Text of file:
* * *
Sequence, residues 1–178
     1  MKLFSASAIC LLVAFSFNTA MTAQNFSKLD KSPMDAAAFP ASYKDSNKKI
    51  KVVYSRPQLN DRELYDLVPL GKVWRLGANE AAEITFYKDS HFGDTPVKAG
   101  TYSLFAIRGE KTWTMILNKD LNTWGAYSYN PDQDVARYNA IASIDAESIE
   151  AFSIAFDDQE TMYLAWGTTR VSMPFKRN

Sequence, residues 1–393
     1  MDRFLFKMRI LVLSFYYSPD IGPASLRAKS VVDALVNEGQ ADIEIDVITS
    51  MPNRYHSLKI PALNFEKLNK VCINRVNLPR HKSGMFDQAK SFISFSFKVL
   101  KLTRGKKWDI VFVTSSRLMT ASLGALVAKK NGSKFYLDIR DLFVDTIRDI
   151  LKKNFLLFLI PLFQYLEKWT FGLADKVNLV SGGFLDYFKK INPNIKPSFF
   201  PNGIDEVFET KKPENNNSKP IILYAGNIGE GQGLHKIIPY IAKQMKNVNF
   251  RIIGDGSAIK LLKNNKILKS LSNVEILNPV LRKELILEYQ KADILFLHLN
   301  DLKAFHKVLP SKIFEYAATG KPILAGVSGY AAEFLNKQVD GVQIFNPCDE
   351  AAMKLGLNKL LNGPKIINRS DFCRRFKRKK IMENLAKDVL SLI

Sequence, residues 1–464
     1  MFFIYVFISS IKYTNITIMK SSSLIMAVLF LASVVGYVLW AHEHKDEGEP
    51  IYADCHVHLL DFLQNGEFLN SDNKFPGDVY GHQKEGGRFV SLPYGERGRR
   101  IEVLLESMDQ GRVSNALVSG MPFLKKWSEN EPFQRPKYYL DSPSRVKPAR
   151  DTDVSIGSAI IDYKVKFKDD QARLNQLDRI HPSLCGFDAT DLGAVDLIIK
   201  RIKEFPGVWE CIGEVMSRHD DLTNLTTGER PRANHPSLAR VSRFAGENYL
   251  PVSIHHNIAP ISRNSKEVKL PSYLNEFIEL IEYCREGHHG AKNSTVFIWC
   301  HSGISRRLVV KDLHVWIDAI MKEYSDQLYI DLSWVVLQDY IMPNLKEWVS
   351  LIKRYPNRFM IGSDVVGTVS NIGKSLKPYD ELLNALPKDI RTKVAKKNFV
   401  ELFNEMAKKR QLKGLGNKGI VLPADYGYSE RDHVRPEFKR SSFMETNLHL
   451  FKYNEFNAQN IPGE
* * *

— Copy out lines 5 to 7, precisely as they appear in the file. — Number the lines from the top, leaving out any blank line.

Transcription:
   151  AFSIAFDDQE TMYLAWGTTR VSMPFKRN

Sequence, residues 1–393
     1  MDRFLFKMRI LVLSFYYSPD IGPASLRAKS VVDALVNEGQ ADIEIDVITS